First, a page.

Fond farewell to Bangor’s historic Tonic organ

tonic organ

MUSICAL fans of Bangor’s Tonic Compton Organ will bid a fond farewell to this historic instrument, when it relocates to its new home in England.

Since 2008 the Compton Organ, which was one of only three instruments of its kind to be installed in Northern Ireland, has been stored at a farm in Dromore.

Speaking to the Spectator this week, Rodney Bambrick, chairman of the Tonic Organ Trust, revealed the historic organ is to be relocated in a new home in Barnsley, south Yorkshire.

He explained, “Efforts to find another suitable location for the Compton in Northern Ireland came to nothing, so the organ has within the past few days been taken over by Kevin Grunill, one of the United Kingdom’s well known theatre organists.

“He plans to rebuild it at a venue near his home in Barnsley, south Yorkshire. It is another little bit of Bangor history lost, but at least the organ will be preserved and enjoyed by enthusiasts in England.”

This well known musical instrument takes its name from its original location, the landmark Tonic Cinema off Hamilton Road, which opened in 1936.

The organ would act as a musical accompaniment to silent films that played there, helping to score the films’ emotion by providing tension or drama during the appropriate scenes.

Mr Bambrick said, “In the 1970s the organ was removed and rebuilt in Bangor Boys High School, later renamed Bangor Academy, where for over 30 years it was used to accompany the singing at morning assembly.

“It was also presented to the public in a series of enthusiastically supported concerts featuring many of Britain’s most popular theatre organists.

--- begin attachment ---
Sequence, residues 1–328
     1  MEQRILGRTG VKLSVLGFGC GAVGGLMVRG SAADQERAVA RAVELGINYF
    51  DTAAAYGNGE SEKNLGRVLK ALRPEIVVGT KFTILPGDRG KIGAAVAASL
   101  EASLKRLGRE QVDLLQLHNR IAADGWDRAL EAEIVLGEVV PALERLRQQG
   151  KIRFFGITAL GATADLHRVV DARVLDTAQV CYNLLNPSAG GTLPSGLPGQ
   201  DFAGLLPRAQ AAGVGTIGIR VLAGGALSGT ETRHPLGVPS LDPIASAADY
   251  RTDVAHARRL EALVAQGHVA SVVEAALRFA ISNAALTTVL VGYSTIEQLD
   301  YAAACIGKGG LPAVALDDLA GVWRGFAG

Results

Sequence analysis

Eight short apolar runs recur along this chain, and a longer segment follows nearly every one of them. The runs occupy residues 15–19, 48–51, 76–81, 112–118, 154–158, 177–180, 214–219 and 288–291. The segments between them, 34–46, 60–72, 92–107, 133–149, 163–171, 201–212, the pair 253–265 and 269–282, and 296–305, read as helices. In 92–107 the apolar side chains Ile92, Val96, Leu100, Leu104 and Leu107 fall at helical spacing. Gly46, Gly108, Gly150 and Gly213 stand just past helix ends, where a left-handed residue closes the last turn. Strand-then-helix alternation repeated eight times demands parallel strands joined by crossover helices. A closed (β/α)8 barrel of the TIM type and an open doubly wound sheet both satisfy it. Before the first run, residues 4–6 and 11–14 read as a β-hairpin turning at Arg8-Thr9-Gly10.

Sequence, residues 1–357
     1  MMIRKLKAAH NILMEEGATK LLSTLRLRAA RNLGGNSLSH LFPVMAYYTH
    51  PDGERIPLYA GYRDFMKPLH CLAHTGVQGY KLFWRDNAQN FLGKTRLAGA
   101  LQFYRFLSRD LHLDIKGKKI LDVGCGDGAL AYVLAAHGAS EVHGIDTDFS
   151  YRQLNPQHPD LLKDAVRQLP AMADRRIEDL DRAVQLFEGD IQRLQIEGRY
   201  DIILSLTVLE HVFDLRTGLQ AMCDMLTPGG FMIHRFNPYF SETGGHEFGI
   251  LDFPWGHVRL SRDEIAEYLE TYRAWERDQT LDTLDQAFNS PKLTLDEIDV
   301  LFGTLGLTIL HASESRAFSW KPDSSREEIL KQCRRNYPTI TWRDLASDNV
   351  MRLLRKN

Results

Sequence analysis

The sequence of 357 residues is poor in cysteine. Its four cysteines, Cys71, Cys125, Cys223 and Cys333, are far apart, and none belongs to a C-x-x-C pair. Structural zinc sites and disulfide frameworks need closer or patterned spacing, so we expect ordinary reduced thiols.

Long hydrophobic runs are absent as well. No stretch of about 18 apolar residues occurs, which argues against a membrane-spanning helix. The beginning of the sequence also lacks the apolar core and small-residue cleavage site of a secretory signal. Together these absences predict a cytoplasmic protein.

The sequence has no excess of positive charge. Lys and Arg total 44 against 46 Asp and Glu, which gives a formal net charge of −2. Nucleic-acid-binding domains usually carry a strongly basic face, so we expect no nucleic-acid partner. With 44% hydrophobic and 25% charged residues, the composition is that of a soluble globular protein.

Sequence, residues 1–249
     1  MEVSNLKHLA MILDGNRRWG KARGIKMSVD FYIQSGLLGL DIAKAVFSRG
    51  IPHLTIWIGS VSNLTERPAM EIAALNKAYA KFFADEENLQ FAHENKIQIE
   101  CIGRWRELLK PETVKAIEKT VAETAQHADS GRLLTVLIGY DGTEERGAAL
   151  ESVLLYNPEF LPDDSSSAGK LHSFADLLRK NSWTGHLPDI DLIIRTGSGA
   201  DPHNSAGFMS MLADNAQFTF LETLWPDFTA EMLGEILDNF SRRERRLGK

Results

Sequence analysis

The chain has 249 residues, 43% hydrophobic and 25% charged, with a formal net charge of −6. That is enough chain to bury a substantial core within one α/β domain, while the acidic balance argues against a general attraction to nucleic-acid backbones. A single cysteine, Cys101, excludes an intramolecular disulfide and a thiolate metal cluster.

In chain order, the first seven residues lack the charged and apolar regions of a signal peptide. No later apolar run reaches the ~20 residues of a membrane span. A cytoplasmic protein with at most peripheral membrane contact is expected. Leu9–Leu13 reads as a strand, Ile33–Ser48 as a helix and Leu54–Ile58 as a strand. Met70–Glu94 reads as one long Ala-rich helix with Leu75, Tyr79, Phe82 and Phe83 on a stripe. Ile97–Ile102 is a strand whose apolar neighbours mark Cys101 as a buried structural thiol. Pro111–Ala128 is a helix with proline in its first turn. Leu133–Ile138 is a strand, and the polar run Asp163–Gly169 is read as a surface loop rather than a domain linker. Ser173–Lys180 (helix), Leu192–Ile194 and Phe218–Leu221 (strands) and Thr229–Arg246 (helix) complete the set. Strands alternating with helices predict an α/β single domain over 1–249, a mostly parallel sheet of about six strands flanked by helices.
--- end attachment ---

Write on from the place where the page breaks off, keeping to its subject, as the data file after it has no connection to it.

“Shortly before the school was demolished in 2008 the organ was removed and until recently stored at a farm near Dromore.”

Mr Bambrick said he had many happy memories about the Tonic organ, including the first time it was played in the Boys High School.

The Tonic Organ Trust chairman will be amongst a host of local music enthusiasts who will bid this piece of Bangor history a fond farewell, and look forward to a wealth of new fans enjoying its distinctive sound in its new home.



  1. ken groves said:

    I have many happy memories growing up in Bangor in the 30“s & 40`s. The organist who played it was Louise McDonald. She was wonderful, the lyrics of each song she played were shown on the big screen and everyone was invited to sing along. I do hope the Barnsley people enjoy it as much as we did.

  2. sarah aldworth (nee Burns) said:

    my fondest memories of the TONIC ORGAN was back in the 40/50s when NORMAN BROOKS played to the enthusiastic crowd of SATURDAY morning hopeful would-be singing stars. I preformed nearly every Saturday and the reward was a bar of CADBURYS’ MILK CHOCOLATE.
    it’s great to hear that wonderful instrument will be lovingly played in it’s new home in BARNSLEY. Yorks.
    would love to hear from any other ‘performers of that era’ who can remember those great Saturday mornings at THE TONIC.
    and exchange memories. best wishes sarah



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